‘I don’t want to look backwards. I kind of think of myself as Humpty Dumpty. I mean I’m cracked, okay? There’s nothing I can go back and fix but we can move on from here, okay, so I look at what is still functioning and I say, I can still walk and carry on. That’s the way I look at it.’
From the age of 13, Lindsey was sexually abused for two to three years by Nigel Collins, a teacher at his school in South Australia.
Lindsey reported the abuse to the principal and deputy principal and was sent to a counsellor and a psychiatrist, who prescribed anti-psychotic medication. He also tried to report the abuse to South Australia Police at the time it occurred in the mid-1970s, but they called the school and were given assurance that Collins wouldn’t have done anything wrong, so no further action was taken.
Lindsey alleged that the school, despite being part of the public system, wasn’t formally under the control of the Department of Education. ‘I found out many years later that the particular school that I went to had a Memorandum of Understanding with the police - that the police were to contact them in the event of anything occurring, not the Department.
‘The school was basically independent of the Department, so no matter what I did it always got back to the principal and the principal would basically handball it back, or just silence me or what have you.’
Lindsey described to the Commissioner the ongoing impacts he experienced as a result of being sexually abused, and this included being harassed by SA Police.
Lindsey recalled that when he was 13, police came to his house, beat him up and then upended his bedroom looking for drugs. Despite being highly qualified and possessing an ‘IQ north of 180’, Lindsey said he hadn’t been able to work more than 18 months in the last 40 years. He believed this was because those in authority would pressure his employers to dismiss him.
During the 1970s, Lindsey tried to seek assistance from the Rape Crisis Centre but services were refused. ‘Unfortunately at that time Rape Crisis Centre was a women only zone. You couldn’t even get in the door. It said, “No men at all”, basically on the door and I didn’t know that. But it was advertised on every bus and I thought I’d ring it.’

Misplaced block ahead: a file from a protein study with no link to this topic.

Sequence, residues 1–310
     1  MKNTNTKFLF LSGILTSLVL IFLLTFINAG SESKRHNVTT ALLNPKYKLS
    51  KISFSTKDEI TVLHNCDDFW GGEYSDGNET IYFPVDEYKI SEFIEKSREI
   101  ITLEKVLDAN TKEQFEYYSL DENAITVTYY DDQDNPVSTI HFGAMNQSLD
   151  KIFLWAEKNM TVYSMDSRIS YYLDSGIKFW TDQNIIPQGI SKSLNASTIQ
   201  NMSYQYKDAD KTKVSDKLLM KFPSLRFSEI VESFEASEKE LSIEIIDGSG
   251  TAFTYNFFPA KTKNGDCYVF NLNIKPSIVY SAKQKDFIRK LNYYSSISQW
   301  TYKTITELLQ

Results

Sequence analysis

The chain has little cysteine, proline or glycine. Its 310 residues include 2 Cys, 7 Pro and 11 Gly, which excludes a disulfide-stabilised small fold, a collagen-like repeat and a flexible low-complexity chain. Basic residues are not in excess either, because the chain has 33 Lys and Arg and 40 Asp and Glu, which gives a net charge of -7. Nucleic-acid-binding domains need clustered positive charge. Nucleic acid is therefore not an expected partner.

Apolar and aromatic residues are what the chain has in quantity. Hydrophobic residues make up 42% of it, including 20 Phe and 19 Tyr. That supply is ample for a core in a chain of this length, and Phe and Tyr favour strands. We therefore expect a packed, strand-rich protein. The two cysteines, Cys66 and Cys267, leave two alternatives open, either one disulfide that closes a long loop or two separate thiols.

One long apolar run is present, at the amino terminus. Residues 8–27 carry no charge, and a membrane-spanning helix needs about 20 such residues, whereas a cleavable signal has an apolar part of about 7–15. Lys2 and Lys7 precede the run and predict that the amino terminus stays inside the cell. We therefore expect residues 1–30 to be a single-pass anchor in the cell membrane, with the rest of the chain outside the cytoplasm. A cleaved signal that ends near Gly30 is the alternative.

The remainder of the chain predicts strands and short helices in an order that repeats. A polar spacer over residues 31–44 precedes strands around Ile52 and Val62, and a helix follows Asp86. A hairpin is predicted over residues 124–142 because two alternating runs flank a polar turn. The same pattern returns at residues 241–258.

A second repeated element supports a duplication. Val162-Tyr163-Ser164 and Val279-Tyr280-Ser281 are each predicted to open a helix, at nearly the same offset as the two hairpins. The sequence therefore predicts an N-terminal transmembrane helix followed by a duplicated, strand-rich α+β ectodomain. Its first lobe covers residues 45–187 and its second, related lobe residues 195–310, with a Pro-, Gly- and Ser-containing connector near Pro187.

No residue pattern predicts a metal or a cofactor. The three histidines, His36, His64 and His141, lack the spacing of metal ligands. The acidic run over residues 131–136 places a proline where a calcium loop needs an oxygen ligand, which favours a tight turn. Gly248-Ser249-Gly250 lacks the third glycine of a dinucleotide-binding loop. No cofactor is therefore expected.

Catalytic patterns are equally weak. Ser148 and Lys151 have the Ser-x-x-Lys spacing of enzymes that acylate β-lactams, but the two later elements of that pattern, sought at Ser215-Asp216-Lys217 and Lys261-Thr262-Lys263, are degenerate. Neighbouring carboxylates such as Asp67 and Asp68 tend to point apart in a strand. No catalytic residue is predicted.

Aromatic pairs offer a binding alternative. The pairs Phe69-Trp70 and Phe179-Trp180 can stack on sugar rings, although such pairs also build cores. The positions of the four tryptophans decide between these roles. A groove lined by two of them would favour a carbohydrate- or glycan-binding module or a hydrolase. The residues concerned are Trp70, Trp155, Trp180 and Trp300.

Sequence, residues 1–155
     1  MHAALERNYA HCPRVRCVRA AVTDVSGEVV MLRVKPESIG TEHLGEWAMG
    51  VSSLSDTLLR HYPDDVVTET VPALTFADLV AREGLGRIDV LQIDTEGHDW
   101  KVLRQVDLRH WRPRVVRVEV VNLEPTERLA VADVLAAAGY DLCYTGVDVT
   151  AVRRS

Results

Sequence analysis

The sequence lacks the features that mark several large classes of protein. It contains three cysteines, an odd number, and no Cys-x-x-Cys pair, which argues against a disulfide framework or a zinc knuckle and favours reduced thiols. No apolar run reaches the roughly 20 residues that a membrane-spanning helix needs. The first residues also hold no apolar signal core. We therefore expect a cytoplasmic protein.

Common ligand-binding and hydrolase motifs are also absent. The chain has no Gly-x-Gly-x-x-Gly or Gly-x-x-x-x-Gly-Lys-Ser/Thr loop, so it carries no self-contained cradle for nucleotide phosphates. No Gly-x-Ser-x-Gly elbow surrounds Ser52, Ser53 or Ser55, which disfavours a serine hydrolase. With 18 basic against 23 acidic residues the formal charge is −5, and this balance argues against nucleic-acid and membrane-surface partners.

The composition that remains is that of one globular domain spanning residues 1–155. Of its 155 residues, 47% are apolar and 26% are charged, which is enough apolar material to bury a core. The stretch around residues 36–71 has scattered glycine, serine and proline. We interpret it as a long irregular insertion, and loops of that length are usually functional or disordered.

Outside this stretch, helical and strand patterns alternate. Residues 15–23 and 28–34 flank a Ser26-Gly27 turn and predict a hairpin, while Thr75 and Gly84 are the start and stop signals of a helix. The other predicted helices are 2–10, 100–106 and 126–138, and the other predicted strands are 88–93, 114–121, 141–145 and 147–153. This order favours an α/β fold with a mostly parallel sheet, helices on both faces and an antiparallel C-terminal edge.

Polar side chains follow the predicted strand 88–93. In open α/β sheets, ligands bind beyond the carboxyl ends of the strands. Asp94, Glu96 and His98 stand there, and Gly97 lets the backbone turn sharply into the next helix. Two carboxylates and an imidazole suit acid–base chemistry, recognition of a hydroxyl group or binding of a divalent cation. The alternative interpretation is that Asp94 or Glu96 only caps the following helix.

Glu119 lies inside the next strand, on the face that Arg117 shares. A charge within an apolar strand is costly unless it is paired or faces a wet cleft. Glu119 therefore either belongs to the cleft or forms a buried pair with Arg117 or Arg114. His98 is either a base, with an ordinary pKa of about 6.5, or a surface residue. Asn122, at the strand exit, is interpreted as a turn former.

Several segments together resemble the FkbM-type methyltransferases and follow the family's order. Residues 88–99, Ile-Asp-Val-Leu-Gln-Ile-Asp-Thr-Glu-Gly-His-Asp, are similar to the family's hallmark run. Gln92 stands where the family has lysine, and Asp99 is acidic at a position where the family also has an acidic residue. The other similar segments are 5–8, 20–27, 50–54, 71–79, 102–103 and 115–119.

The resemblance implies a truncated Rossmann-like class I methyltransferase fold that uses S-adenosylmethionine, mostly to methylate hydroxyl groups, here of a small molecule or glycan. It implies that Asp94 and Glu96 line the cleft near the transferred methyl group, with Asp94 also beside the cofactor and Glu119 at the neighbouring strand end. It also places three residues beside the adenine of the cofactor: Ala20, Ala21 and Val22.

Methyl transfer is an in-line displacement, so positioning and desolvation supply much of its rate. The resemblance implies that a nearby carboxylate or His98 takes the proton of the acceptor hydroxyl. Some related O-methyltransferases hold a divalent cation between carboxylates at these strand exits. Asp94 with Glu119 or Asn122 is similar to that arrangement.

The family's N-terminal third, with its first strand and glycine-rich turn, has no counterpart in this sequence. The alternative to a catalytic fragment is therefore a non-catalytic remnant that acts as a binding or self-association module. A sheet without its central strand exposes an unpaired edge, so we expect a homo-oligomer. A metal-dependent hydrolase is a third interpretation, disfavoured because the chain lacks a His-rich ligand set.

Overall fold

In the early to mid-2000s, Lindsey tried to make an appointment for a private session with the Mullighan Inquiry into child sexual abuse in South Australia. He said his efforts were continually thwarted because staff cancelled appointments and refused to see him. He regarded their actions as a further example of authorities trying to deliberately silence him.
Lindsey said that in the early 2010s, SA Police charged Collins with sexual abuse offences, but Collins breached bail and fled overseas. As far as Lindsey knew he remained there.
Life now involves a lot of community advocacy work for Lindsey and he enjoys helping people. He told the Commissioner that he is successful in what he’s done and hasn’t had ‘any trouble doing anything’. He has a supportive partner, good friendships and plenty of ‘resources’.
‘I lived through it because I thought to myself – I don’t trust anybody – but I thought to myself “What have I got?” Once again, the Humpty Dumpty principle. I said, “Okay, I can risk”. It’s pretty much like sitting at a gambling table. You know you’re going to lose but you make a risk because you think, “Alright, the payoff will be good, and if I lose it’s not that bad. I can survive.
‘So what I do is, I bet on a little bit of luck and I move from there. So essentially I’m relying a bit on lady luck and I move forward … I try and stay as positive as possible, because I think everybody wins when you stay positive.’